On a recent tour, Gilbert peeked into a classroom of third grade boys, who had decorated their walls with a camping theme, complete with construction paper campfires and a sign that read "fishing for books."

Next door, the third-grade girls opted for an "under the sea" motif. When they spotted Gilbert in their classroom door way, a few of the girls jumped from their seats and ran to give her a quick embrace.

They learn the same curriculum, they still lunch and play at recess together, but the differences in their learning environments are apparent, from the blue chalkboards in the boy classrooms, to the red paper hearts that decorated the wall of one of the girl's classrooms.

These environments are driven by student interests and what they're learning at the time, Gilbert said.

Dr. Leonard Sax, the founder of the Pennsylvania-based National Association for Single Sex Public Education, contends the movement is about breaking down gender stereotypes, not promoting them.

"We want more girls engaged in robotics and computer programming and physics and engineering," Sax said in a telephone interview. "We want more boys engaged in poetry and creative writing and Spanish language."

For advocates like Sax, the increase in this form of learning is exciting, but it's troubling for others.

The ACLU launched a national campaign, Teach Kids, Not Stereotypes, in May and sent cease-and-desist letters to school districts in Maine, West Virginia, Alabama, Mississippi and Virginia. The group also asked state officials to investigate single-sex programs in Florida, while sending public record requests to schools in another five states, including to Gilbert's school in Idaho.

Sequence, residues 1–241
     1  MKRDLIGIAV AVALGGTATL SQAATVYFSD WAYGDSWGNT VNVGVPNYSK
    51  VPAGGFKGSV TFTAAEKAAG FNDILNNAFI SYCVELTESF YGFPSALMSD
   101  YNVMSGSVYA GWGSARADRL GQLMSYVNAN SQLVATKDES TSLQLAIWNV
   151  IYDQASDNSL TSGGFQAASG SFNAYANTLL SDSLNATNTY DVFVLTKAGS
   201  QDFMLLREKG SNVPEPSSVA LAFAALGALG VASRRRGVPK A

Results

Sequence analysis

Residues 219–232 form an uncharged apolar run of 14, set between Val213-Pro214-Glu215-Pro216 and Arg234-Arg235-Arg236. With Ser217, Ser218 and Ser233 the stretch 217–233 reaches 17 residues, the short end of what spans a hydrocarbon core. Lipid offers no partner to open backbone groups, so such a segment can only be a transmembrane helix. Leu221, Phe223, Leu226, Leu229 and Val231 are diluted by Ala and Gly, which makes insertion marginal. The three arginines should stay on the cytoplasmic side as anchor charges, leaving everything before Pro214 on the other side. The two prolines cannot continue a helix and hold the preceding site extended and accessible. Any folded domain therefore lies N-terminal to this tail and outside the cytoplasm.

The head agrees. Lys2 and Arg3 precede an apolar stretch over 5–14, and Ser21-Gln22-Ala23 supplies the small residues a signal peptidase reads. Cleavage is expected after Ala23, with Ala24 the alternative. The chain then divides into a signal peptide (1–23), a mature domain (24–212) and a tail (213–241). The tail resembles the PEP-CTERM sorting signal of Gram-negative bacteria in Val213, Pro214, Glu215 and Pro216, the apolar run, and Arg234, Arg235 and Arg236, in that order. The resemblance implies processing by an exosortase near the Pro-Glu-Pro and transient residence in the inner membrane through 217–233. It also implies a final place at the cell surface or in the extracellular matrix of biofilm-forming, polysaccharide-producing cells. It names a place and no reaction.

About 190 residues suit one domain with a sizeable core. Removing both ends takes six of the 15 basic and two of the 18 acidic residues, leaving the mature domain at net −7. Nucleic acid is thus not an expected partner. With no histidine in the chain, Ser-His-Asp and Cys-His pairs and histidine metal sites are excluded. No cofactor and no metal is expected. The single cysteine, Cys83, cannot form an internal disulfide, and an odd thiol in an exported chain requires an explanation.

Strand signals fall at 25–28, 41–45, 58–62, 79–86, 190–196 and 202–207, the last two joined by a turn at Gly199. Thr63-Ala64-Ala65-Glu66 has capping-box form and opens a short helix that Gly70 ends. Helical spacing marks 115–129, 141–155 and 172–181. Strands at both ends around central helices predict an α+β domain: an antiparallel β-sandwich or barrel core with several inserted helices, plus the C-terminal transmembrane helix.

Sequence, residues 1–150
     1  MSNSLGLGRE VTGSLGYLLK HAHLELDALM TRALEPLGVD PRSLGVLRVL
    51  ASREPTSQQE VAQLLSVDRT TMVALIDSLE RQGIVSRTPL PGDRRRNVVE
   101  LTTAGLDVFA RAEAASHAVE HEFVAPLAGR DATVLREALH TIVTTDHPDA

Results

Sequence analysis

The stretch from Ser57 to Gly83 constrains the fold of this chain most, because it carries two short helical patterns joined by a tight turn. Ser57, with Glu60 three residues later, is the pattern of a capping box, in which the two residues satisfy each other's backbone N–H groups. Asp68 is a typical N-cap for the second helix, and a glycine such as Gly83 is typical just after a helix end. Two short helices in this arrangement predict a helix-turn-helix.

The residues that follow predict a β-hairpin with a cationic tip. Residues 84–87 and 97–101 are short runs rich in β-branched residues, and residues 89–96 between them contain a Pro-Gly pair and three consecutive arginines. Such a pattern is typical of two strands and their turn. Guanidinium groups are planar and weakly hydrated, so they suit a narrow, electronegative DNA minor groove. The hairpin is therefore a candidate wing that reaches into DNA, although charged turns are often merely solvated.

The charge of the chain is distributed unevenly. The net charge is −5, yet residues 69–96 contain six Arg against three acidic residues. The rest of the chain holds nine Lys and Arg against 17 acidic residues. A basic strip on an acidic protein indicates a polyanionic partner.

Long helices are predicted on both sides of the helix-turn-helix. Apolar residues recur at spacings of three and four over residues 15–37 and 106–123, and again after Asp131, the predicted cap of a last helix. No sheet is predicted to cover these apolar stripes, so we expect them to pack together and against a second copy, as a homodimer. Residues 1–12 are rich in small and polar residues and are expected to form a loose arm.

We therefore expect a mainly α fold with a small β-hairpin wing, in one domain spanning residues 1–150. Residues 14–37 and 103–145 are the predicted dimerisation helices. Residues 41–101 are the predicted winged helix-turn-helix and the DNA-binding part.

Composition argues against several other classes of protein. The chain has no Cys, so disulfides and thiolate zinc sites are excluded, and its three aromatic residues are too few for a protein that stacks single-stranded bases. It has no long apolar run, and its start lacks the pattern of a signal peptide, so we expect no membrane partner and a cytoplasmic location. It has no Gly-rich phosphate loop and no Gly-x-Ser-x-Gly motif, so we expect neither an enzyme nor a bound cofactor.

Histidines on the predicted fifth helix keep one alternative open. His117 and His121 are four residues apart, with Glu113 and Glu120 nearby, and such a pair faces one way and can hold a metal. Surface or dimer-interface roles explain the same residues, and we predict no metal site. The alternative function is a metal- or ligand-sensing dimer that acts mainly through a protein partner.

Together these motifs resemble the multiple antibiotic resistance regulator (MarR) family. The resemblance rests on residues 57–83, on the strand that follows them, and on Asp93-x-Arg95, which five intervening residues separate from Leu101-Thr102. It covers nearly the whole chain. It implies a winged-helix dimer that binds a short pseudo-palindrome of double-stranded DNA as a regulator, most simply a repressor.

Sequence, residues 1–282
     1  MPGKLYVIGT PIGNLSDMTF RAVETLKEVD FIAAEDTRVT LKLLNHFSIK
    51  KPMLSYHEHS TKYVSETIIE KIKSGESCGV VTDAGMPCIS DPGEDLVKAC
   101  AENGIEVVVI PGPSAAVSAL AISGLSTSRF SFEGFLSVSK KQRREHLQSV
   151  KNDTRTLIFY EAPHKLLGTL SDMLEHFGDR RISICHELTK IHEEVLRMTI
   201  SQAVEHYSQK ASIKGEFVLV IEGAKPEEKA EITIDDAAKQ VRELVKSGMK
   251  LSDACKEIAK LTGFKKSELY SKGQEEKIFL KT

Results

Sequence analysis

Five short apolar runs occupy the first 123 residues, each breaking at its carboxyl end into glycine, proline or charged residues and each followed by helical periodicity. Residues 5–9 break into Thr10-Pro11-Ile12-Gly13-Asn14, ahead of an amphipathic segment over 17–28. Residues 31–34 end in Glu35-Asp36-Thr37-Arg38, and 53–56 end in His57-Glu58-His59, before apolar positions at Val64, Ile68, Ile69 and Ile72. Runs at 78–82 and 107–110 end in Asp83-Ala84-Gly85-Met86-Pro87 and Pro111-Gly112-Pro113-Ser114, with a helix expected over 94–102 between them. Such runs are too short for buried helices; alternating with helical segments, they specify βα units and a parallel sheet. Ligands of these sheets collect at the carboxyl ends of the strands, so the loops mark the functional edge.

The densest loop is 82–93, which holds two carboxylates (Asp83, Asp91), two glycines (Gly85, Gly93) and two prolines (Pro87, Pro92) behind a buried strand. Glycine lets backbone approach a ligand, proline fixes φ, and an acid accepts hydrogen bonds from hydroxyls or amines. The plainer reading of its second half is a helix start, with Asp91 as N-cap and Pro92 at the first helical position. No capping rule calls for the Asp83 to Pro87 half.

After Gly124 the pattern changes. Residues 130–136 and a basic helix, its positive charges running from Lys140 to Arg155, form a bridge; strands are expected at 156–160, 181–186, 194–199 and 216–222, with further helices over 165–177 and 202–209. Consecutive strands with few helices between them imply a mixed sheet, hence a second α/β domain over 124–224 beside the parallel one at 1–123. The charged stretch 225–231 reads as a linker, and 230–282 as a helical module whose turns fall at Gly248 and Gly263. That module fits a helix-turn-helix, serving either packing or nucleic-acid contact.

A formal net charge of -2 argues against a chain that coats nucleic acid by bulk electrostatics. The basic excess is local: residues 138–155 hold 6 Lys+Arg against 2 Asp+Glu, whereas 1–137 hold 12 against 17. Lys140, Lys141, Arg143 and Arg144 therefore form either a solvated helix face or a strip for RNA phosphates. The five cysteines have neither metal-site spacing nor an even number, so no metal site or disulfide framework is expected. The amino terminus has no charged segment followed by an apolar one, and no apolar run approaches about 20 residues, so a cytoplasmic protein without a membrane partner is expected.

Doug Bonney is legal director of the ACLU of Kansas and Western Missouri, where he successfully challenged single sex classes in Missouri's Adrian R-III School District. He argues there's no proof single-sex classrooms work while there's plenty of evidence they actually enhance gender stereotypes and lead to sexism.

"This isn't the right step to address higher dropout rates by boys," Bonney said. "They promote false stereotypes about sex-based differences that don't exist. Promoting sex stereotypes can harm both girls and boys."

Both sides agree the idea is not new and has a long history in private schools. But Galen Sherwin, staff attorney with the ACLU Women's Rights Project, said its history in public schools is much darker and has roots in the South, where it was broadly instituted in an effort to evade the desegregation requirements of Brown v. Board of Education to try "to prevent black boys from being in the same room as white girls."

"In the wake of Brown, many schools in the south integrated racially but segregated on the basis of sex," Sherwin said.

Nancy Levit, a law professor at the University of Missouri-Kansas City, addressed this issue at a meeting of the Association of American Law Schools: "Think about it, in terms of race," she said. "What would people say if the state paid for an all-white school or an all-black school? As long as there was a racial element nobody would have a problem seeing a constitutional difficulty."

The analogy drew a heated reaction from Sax, who argues that a federal judge in Kentucky debunked this notion when ruling last year against parents who tried to block single-sex classes at a Breckenridge County school. Critics like the ACLU are out of line when they draw parallels to Brown v. Board of Education, Sax said.

"Either they're really stupid and not able to grasp what the judge is saying in the ruling, or they're being deliberately misleading," he said.

___

Hollingsworth reported from Kansas City, Mo.